DEPARTMENT OF PRACTICAL CASE MANAGEMENT


Special placebos be used for particular complaints such as Pain, Headache, Insomnia, etc. In such case the word describing the complaint should be written boldly across the face of the drug envelope. This helps considerably in raising the potency of the prescription.


THE PLACEBO AND ITS SCIENTIFIC USE.

The indicated homoeopathic remedy is the best medicine in the world. If the placebo is “the second best remedy”, as affirmed by the late Dr. Stuart Close, its correct employment becomes a matter of real importance.

It is probably true that were all medication to be absolutely discontinued once and for all humanity would be spared a vast amount of suffering as well as relieved of a tremendous financial burden. If every prescriber and every manufacturer and vendor of drugs and biologic products would be good enough to substitute harmless placebos for their pseudo-scientific concoctions what a benefit they would confer upon the race.

A placebo may be any harmless thing given or done to please or placate the patient and his attendants. The value of a placebo is of course psychologic but it is effective in people of all ages and widely differing grades of intelligence.

Years of observation and experience have demonstrated the practical value of the following types of placebo:.

1. Powders (sac. lac.) using No. 10 pellets with granulated sugar of milk. The powders can be made up in either pink or white papers.

2. Tablet triturates (plain sugar or milk tablets).

3. Small, medium and large capsules filled with pulverized sugar of milk.

4. “Water medicine” small pellets dissolved in a specified quantity of water and given in teaspoonful doses as directed. This form of placebo is convenient and time saving when prescribing at the bedside.

We do not advise the use of any colored blank tablets as there might be a chemical effect from some of the coloring agents employed in their manufacture.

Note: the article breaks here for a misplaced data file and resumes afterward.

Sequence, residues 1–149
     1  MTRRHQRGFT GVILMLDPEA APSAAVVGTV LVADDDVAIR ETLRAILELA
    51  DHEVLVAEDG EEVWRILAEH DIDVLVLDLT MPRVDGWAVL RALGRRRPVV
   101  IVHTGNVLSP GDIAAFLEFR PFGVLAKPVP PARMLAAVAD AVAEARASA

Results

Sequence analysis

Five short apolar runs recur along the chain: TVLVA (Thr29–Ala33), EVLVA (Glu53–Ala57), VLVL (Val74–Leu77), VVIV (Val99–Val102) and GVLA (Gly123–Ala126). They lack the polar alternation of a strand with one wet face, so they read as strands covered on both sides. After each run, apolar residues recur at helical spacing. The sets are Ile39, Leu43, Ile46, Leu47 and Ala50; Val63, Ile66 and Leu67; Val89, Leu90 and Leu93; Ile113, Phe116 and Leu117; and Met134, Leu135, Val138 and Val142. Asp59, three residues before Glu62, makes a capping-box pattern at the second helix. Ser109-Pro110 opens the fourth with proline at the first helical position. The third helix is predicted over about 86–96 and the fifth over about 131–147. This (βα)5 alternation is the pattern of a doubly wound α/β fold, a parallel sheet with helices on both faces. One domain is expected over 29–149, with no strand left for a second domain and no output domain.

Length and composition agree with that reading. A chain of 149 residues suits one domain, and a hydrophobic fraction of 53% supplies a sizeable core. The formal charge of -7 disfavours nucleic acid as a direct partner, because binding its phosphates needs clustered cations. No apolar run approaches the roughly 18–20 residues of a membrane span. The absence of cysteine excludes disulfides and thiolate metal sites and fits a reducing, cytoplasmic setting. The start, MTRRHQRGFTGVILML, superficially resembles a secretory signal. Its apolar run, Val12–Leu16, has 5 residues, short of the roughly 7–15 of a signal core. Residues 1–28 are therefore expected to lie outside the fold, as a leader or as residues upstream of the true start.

A hypodermic syringe is something we have neither owned nor borrowed for any purpose whatsoever in more than a dozen years, thus demonstrating the fact that even a hypodermic injection of sterile water is, after all, a superfluous gesture.

Certain precautions are essential in the care and dispensing of placebos. It is not good practice for a physician to inform his office nurse regarding the single dose and the use of blanks. If she puts up powders or dispenses “medicine” it is better that she do it with faith, thus augmenting the constructive vibrations instead of introducing “static” interference.

Two or more medicine cabinets containing good sized bottles of blank No. 10 pellets all neatly labelled and with corks marked covering a list of remedies from Aconite to Zinc is a most excellent investment.

If, for example, Bryonia is prescribed the physician will give the actual remedy himself. He will then write on powder paper the prescription as follows: “Smith, Bry. 21” and enclose it in the drug envelope. As interpreted by the office nurse this will mean that Mr. Smith is to receive 21 powders from the bottle or container labelled Bryonia.

The drug envelope should be simple and pleasing in appearance. The printing on its face should include the doctors name, address, telephone number and office hours. There should be ample space for the the date, the patients full name and the directions for taking the medicine. The date is important and should never be omitted. A date stamp is convenient.

The physician should write on the drug envelope the patients full name, preferably in ink, and then use a rubber stamp for the directions as for example:.

One Powder upon retiring.

One Powder upon arising.

and one upon retiring.

One Powder before each meal.

One Powder before meals and.

upon retiring.

One Powder every 3 hours.

When prescribing two kinds of placebo in powder form put one in white and the other in pink powder papers. Pellets moistened with 95 percent pure grain alcohol may be used for making up a very special placebo if desired.

the placebo bottles must be filled as necessary by the physician himself behind closed doors. This is a very solemn and sacred duty, for upon the correct use of the placebo depends much of the doctors therapeutics and economic success.